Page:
Painting on Pesos

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    Artist Sergio Díaz shows a painting on a U.S. dollar and an Argentine 500-peso note featuring George Washington holding a rifle alongside a jaguar. (AP/Javier Corbalan)
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    Sergio Díaz, a member of the Argentine artists’ Money Art movement, works in his studio in Salta, Argentina. (AP/Javier Corbalan)
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    A piece of Money Art by artist Sergio Díaz features the late soccer legend Diego Maradona on an Argentine 10-peso banknote. (AP/Javier Corbalan)
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    A shopper shades her face from the Sun as she reviews prices at a produce stand in Buenos Aires, Argentina, on September 1, 2023. (AP/Natacha Pisarenko)
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    A shopper reaches for a 1,000-peso banknote in Buenos Aires, Argentina. (AP/Natacha Pisarenko)
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    Venezuelan artists also use banknotes as art supplies. Venezuelan migrant Edixon Infante shows a handicraft made with devalued Venezuelan currency in Cucuta, Colombia, in 2019. (AP/Fernando Vergara)
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A jaguar lies beside George Washington. The United States’ first president holds a rifle with one hand as he rests the other on the dead Argentine predator.

The backdrop of artist Sergio Díaz’s painting is a U.S. dollar and an Argentine 500-peso note joined together. The artwork alludes to the rapid depreciation of Argentina’s currency.

The Argentine peso has depreciated (lost value) around 60% compared to the U.S. dollar over the past year. Meanwhile, the country is experiencing one of the world’s highest inflation rates. In August 2023, prices were 124% higher than they were in August 2022, according to the government’s statistics agency.

Some artists seek to draw attention to the economic damage the best way they know how: with art. The artwork increases the value of the increasingly worthless bills they use as material.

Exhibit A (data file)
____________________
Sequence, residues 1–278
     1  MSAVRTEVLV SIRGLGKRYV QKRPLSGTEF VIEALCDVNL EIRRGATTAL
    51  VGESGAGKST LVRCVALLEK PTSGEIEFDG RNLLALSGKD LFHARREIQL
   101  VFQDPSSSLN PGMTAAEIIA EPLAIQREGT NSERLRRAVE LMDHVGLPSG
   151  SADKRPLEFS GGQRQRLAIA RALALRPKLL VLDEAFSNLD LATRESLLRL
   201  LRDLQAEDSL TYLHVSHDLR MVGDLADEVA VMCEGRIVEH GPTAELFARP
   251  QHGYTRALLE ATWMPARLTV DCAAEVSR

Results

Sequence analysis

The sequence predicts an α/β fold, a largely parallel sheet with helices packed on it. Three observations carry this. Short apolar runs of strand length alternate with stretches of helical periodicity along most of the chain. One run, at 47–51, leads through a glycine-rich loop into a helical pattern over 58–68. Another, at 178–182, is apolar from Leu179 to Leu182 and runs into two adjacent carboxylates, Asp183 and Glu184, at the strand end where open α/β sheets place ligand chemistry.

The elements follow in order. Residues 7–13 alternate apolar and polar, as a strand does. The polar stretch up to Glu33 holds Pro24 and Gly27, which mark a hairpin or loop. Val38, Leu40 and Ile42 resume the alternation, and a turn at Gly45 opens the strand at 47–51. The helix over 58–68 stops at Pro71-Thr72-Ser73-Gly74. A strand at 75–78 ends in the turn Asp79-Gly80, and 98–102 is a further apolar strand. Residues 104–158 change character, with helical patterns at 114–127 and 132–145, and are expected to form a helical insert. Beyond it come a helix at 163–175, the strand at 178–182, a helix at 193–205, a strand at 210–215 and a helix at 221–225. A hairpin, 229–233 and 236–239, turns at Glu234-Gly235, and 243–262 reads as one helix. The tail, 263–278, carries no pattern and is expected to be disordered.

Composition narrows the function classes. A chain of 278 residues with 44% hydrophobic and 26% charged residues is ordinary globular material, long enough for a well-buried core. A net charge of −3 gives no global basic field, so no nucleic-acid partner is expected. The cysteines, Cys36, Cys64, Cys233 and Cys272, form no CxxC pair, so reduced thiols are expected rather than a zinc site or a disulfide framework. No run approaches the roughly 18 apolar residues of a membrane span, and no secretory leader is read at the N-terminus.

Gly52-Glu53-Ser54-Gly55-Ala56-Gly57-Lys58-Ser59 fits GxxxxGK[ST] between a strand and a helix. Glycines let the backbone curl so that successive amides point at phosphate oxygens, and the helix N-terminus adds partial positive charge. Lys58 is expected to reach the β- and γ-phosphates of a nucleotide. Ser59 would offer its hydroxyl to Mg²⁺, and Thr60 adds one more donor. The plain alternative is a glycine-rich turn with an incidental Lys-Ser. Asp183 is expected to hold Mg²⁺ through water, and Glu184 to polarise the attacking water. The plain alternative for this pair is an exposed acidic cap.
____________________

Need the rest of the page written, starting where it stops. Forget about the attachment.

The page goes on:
Many Argentines struggle to make ends meet. People change their habits. Middle-class women give up nonessentials such as beauty-parlor visits. Some families turn to soup kitchens. Argentines with extra cash buy stockpiles of things they need, knowing prices will rise next month. At the same time, restaurants in the capital city are packed. People see no point in saving when a paycheck loses so much purchasing power every month.

Díaz and other Argentine artists of the Money Art movement use moderately priced brushes and acrylics to paint banknotes of 10, 20, 100, or 1,000 pesos. They share their work on social media. Díaz has painted Argentine soccer stars Diego Maradona and Lionel Messi, animals, and Star Wars characters on bills.

The artwork sells for prices ranging from 40,000 to 70,000 pesos domestically and as much as $300 abroad.

Argentines aren’t the first to create this form of art. Venezuelan artists also have used money to create artwork and crafts. Their country entered hyperinflation in 2016, and its currency also suffered a sharp drop in value.

Artist Cristian English began working with peso bills three years ago. During the quarantine imposed during the COVID-19 pandemic, he found it difficult to get canvases. So he used bank notes instead. He often paints portraits of Argentine musicians.

English says that he plans to continue using the bills for his art, in part because they are much cheaper than the traditional canvas. But, he complains, it’s not an easy material with which to work. The paper is very low quality.

The government unveiled a new 2,000-peso bill in May. English calls it “a 2,000-peso bill that’s worth nothing. It’s just printing for the sake of printing.”

Why? Inflation and devaluation of Argentine currency brings hard times but creativity and artistic expression find ways to survive.

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